The agricultural supply chain that has dominated the way we get our food has evolved as a fragmented, opaque series of transactions that occur to fill the gap between the producer and the consumer. Many of these transactions add no value to the consumer, rather, they serve to capture value for some link in the supply chain.
As they add no value, it is fair to ask “are they necessary”, and in many cases the answer will be “No”, in others it will be that whilst it may add no value, it is a necessary cost, like transport.
Were we to set out to re-engineer the supply chain with consumer value as the driving force, what would we change?
Well, a fair bit, much of it as a result of the communication and data transfer capabilities that have exploded in the last decade. There is now absolutely no reason a grower cannot see where his product goes, each transformational stage, every point at which it is moved, and the costs and margins involved.
Whilst there are sensitive commercial implications in all this, the technical capability is there, and using those capabilities to eliminate costs and margins that do not serve the consumer will increasingly become the focus of competitive activity and innovation.
Wool is the archetypal Australian commodity, and it is also representative of the worst of commodity “marketing” where each link in a very complicated operational chain is a set of strand-alone transactions. However, even in this conservative, institutionalised chain, there are rays of light, enterprises like WoolConnect that have evolved over a considerable period, to deliver a transparent, collaborative chain that has eliminated much of the cost that adds no consumer value, becoming far more productive in the process.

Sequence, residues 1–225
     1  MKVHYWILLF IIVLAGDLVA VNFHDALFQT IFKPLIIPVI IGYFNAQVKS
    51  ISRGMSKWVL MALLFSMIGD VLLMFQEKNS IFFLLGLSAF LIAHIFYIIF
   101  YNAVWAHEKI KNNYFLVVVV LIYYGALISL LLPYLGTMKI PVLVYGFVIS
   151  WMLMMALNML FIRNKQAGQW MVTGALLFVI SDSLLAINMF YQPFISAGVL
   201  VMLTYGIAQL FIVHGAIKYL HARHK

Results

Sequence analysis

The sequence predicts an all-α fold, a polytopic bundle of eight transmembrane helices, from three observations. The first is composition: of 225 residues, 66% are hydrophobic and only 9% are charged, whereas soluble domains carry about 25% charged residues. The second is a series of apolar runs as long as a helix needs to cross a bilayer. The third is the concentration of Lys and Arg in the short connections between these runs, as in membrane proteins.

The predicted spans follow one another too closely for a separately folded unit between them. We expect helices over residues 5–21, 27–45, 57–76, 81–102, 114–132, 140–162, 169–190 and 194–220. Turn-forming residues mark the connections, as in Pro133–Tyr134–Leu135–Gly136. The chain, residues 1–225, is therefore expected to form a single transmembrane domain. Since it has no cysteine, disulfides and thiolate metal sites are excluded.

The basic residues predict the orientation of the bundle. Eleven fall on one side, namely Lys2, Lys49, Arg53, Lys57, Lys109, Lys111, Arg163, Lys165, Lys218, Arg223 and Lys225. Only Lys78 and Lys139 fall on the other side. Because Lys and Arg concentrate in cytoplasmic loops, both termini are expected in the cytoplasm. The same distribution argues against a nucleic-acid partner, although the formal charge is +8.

I am working with a small group of horticulture growers and specialist retailers in Sydney on a pilot, a transparent, demand driven chain that responds to consumers, not what growers have on the floor, or what wholesalers think they can squeeze a good margin out of, but real demand. It is a fascinating exercise, one that is hopefully successful and commercially scalable.
This will deliver tree ripened fruit to consumers the day after it has been picked, and similarly, veggies harvested this morning, on your plate tomorrow.
“Sydney Harvest” brand, get used to seeing it in your greengrocer.
Innovation in a horticulture supply chain, who would have thought??